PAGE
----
From going nowhere, to ‘going everywhere’
In May 2012, I went to my cardiologist. After some testing, he told me I needed to lose weight or I was going to die. I went home and cried. I couldn't believe I had let myself get to that point.
The next month, I went on a cruise with my family. I had to constantly stop to catch my breath. That was the turning point. I thought, this is not how it's supposed to be at age 20.
I had struggled with weight from kindergarten through high school. By my senior year, I was around 300 pounds. Diet, exercise — nothing worked. I always felt like everybody was looking at me and making fun of me. I constantly felt judged. I felt like I stood out from everyone. I became hypersensitive to anything anyone said to me.
In high school, I was very involved in yearbook, photography and videography. I was in track and field in the shot put and discus events. I tried to stay social so I wouldn’t feel insecure and down. But my insecurity still kept me from doing things. I was afraid to get my [driver] license. I often thought, what if I can't get out of the car, and they have to cut me out?
Shopping for clothes was one of the hardest things about being overweight. I couldn’t buy the clothes I wanted to buy that everyone else was wearing because the stores wouldn't have my size. It was constant frustration. I got to the point where I just didn’t buy clothes anymore.
Prom was a high point, before more challenges
There was only one time I felt good about myself and how I looked, and that was senior prom. My mom really encouraged me to go. Friends told me, "Xavier, you look so nice." That was the last time I felt good about how I looked or wanted to go anywhere or do anything.
When I started college, my classes were stressful and I wasn't motivated. I entered a cycle of stress, which then turned into depression. I missed out on a lot because of my weight.
I was a little hesitant about surgery. To be honest, I have trust issues with people. I prayed about it. But once I met with the doctor who'd be doing my surgery, he made me feel comfortable and confident about it.
I'm different now. I don't mind standing out now.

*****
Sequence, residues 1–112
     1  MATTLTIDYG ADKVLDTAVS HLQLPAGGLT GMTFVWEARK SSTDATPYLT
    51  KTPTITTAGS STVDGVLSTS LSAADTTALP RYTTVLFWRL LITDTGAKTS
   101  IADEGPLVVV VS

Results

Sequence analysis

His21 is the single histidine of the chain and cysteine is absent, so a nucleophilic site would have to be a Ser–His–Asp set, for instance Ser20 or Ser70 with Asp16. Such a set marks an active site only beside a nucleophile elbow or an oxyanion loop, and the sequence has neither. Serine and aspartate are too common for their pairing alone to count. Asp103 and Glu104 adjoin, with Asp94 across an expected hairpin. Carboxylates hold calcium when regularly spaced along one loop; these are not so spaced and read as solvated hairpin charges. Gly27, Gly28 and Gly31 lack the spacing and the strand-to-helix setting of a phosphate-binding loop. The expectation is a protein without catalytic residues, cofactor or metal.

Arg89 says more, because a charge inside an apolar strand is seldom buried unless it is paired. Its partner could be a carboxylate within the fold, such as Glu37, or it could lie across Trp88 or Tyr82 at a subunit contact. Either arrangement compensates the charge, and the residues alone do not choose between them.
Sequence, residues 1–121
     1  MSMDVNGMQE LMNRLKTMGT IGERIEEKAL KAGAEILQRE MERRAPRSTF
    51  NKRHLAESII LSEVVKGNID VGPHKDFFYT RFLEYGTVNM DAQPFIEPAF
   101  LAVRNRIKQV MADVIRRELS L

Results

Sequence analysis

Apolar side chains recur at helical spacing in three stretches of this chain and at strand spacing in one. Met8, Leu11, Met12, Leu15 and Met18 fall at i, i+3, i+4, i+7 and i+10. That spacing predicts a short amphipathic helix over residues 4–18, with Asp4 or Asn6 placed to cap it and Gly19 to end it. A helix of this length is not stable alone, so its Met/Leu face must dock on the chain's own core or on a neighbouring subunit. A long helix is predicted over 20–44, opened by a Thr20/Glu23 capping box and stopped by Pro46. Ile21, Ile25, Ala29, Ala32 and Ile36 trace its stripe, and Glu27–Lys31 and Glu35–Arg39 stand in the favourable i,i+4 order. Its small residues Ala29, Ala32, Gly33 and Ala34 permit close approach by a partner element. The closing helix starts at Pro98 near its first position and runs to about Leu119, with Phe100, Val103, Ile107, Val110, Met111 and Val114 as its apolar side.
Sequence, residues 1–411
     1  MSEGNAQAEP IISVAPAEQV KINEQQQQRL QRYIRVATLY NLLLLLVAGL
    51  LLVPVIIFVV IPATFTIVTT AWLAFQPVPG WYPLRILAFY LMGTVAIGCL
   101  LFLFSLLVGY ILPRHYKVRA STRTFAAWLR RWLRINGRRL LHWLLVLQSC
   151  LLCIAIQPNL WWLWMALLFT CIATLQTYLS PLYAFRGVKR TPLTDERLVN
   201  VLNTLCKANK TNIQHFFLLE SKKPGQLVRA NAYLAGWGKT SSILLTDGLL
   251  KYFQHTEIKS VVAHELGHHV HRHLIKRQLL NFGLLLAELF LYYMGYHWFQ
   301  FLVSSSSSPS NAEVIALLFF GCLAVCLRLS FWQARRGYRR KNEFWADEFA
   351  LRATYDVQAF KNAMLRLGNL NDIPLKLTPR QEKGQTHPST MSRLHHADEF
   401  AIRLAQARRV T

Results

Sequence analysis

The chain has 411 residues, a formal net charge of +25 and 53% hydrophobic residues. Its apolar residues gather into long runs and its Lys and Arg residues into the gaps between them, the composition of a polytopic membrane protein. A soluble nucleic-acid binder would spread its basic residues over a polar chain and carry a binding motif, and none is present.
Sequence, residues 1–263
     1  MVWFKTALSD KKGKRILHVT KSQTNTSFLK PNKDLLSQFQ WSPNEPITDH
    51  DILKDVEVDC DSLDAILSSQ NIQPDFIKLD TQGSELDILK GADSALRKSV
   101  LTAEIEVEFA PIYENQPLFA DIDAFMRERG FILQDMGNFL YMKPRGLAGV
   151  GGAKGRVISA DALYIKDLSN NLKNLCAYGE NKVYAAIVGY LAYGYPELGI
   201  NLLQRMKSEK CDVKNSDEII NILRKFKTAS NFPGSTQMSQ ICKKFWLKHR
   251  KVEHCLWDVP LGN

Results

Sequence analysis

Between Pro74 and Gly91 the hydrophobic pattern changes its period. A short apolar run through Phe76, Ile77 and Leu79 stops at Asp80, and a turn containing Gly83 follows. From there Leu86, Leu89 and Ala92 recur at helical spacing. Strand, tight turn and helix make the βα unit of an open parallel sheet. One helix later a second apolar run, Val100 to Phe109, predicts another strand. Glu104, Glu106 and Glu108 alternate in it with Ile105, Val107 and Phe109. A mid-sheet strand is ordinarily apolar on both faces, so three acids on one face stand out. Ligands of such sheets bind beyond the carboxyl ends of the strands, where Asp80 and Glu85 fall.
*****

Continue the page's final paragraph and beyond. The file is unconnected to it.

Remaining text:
The psychologist at the center really helped me release a lot of things I had been hanging on to for years. All of it helped me feel more comfortable and to understand what I was getting ready to do to my body.
The best decision of his life
I healed and progressed really well after the surgery. The hardest thing has been going without soda and limiting my sugar. I was a sweets fanatic — cookies, cake, pie. I tried every kind!
I went past my goal of reaching 200 pounds and got down to 180. But I wanted to put muscle back on, so I'm at 212 right now. I feel so much better. I can walk on the field trips I take with my younger brother and sister. I try to walk two to three times a week.
I'm different now. I don't mind standing out now. It's exciting to go shopping. I can’t stay out of the stores. I get excited because I can fit in the clothes. And if I can find them on sale, I get double excited!
This is the best decision I've made in my life. Without the surgery, I'd still be in a shell. I'm looking forward to dating and socializing more. I haven’t been on a date since senior prom.
I'm looking forward to another family cruise. I won't have to do all those things I did on past trips like stopping to catch my breath and having to get the longer seat belt on the airplane.
I just got my license. I'm going everywhere now. My confidence is up. My self-esteem is going up. I recently started my own photography business. I'm enjoying life more.
I tell people, "This surgery saved my life, or you wouldn't be talking to me right now." I don't know any other way to say it. If I hadn't gone to Vanderbilt, I wouldn't be here. I'm excited to still be here. I'm still living because of a decision I made.
It's been a big journey. Whatever someone's age or anyone who's looking forward to a longer life, I just hope my story can help somebody else.